The reality, he said there's a $23 million budget deficit in his district, and that gap is expected to persist. When local autonomy is taken away because of those budget concerns, he said it’s important to recognize the influences he can’t control and move on with it.
Being a resource for other principals
Nieskins discussed some of the challenges facing school leaders in remote areas. The largest district in Montana, she said, has only 11,000 students. "We’re all spread out in this very large area. Professional development (PD) can be very difficult to obtain," she said.
Professional learning networks become very important in this case, adding that it's critical for principals to have a. network in which to share best practices and experiences.
"If (principals) are not coming to me, I’m coming to them. I have no problem picking up the phone."
Principal, Eastlake High School in Chula Vista, California
She has driven and initiated much of her own professional learning, she said. "In the process of that, I’m also striving to be a resource for other principals. I like that, and I like to seek that out from other people," she said, adding that conferences and networking have also been her greatest resource.
Espinoza said he also forges networks on his own. "If they’re not coming to me, I’m coming to them," he said. "I have no problem picking up the phone."
He said it's also important for principals to look outside of their state for learning opportunities. In California, and the San Diego area particularly, he wants more PD opportunities on how to work with English learners. Even though his district has a budget shortfall, there are efforts to address those concerns, including providing safe havens for immigrant students.
Nieskens said she’s been building knowledge on digital learning. Under the Montana Digital Academy, public schools can provide classes to students statewide in pretty much any subject they want. So if a student wants to learn Russian, for example, and it isn't available at their school, a teacher elsewhere in the state can teach them online and still have it count toward a requirement.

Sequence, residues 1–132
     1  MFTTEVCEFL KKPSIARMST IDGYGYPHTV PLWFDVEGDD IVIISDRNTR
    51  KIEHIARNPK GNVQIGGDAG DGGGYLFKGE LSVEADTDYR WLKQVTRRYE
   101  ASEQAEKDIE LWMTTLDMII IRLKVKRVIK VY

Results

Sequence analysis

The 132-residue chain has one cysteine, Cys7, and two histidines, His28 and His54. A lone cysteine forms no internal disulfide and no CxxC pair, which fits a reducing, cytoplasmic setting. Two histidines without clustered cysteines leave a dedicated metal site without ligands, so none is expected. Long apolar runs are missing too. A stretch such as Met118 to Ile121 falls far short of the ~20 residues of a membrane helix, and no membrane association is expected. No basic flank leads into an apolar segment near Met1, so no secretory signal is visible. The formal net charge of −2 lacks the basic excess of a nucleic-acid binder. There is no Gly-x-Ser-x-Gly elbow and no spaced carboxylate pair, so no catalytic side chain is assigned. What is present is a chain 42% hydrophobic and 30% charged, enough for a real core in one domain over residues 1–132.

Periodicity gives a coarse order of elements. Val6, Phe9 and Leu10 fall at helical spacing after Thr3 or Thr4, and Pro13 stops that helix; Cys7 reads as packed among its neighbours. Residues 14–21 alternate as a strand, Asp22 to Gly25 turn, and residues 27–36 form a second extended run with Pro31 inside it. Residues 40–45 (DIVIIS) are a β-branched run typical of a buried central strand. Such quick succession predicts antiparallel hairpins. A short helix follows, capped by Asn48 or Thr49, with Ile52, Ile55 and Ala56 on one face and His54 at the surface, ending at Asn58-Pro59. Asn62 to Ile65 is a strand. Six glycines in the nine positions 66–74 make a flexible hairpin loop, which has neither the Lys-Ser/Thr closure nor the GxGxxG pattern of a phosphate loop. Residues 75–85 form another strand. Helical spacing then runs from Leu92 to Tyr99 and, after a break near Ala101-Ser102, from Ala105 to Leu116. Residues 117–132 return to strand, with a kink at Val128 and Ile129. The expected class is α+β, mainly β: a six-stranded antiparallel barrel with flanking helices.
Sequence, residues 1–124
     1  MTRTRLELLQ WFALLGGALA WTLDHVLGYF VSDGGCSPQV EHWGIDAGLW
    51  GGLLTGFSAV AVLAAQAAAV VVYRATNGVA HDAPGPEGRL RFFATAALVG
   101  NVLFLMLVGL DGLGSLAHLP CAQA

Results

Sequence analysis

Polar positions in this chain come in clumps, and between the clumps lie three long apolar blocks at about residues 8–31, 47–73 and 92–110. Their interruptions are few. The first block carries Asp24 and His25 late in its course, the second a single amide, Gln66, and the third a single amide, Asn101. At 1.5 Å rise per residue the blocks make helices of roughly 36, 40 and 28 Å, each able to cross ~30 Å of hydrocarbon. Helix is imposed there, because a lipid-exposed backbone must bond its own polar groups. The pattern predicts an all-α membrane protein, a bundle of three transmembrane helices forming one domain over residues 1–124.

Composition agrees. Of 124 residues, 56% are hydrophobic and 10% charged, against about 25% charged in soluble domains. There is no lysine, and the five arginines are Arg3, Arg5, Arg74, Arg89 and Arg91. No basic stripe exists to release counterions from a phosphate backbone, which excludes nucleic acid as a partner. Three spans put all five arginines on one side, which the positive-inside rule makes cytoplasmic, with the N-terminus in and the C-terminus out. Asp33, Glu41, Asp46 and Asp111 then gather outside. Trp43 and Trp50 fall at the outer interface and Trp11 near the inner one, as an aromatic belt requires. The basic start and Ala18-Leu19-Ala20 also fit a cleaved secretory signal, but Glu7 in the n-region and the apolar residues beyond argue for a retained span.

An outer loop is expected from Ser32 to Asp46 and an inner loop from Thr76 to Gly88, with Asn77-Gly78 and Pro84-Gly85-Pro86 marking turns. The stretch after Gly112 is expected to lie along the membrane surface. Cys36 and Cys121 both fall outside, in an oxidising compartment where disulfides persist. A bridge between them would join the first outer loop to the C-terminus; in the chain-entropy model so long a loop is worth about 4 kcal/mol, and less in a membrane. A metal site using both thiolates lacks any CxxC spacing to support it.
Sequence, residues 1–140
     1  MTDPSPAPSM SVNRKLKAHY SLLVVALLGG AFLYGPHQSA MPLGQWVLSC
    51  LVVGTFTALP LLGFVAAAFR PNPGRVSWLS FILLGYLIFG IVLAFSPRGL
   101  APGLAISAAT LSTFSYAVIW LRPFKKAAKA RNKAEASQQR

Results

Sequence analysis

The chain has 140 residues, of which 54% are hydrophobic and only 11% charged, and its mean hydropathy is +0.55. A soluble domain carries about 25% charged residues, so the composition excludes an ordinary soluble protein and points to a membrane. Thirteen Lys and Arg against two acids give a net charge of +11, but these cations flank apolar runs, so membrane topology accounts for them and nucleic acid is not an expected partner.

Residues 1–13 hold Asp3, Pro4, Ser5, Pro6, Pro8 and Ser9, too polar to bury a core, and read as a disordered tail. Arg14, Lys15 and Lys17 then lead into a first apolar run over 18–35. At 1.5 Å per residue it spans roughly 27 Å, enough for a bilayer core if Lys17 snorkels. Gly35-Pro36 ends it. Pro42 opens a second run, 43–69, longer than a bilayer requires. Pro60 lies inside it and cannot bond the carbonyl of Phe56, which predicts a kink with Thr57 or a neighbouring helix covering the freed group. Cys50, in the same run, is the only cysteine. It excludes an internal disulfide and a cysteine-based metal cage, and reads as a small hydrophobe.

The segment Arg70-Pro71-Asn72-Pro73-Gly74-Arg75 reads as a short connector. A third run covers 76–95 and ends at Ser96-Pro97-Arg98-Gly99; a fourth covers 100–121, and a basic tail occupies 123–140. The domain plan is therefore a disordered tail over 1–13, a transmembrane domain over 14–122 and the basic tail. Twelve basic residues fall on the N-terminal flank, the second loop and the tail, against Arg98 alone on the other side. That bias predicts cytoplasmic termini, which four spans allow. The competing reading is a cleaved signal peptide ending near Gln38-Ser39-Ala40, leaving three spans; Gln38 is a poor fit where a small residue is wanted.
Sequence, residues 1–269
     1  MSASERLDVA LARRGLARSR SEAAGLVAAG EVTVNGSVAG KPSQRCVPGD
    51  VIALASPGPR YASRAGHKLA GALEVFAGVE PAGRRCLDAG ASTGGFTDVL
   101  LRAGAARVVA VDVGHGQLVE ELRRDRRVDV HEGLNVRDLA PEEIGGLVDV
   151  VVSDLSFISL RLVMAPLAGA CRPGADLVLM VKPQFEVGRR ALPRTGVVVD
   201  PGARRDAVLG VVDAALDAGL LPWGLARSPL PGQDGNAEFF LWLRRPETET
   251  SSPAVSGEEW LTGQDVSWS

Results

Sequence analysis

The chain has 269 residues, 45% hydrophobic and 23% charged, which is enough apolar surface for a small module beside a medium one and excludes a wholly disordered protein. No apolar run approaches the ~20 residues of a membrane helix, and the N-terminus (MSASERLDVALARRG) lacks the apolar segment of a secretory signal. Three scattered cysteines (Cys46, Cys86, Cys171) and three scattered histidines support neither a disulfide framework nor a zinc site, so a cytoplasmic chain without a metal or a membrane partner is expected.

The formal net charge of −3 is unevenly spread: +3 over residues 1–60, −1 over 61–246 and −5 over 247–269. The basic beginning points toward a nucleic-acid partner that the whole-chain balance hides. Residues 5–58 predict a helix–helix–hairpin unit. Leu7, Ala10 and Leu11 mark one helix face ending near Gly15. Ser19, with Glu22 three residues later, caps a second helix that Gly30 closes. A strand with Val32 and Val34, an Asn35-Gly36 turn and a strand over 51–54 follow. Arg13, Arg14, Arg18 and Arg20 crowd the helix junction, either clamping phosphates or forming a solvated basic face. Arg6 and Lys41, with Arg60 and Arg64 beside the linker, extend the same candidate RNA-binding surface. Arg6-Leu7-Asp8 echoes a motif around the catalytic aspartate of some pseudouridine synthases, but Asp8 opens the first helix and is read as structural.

Improvements needed in evaluating principals
Both Espinoza and Nieskens had some strong words on the topic of evaluations — of both teachers and administrators.
Espinoza suggested that in his district, the process is a waste of time. Standards, he said, are not expressly identified and are often embedded at a very superficial level. The person evaluating both teachers and administrators is only required to visit the class or the school once, and the rest of the evaluation is largely based on assessments. He said more clarity is needed on what teachers and administrators are doing and how they can improve.
Montana is not dissimilar, Nieskens added. Principals are required to be evaluated just once per year, with some formative and some summative evaluation instruments. But with just one required evaluation, that ends up being summative.
She said that she has worked for six superintendents in 10 years, while Espinoza noted he has worked for 19 in 40 years. That creates an interesting dynamic as far as evaluations go, because district leaders have differing expectations.
Nieskens would like to see a model in which schools are measured by student growth rather than a target that is similar to another school. Are students moving forward? Are good things happening that maybe can’t be measured by data?
These metrics, the panelists agreed at the close of the discussion, tell more than summative assessment results.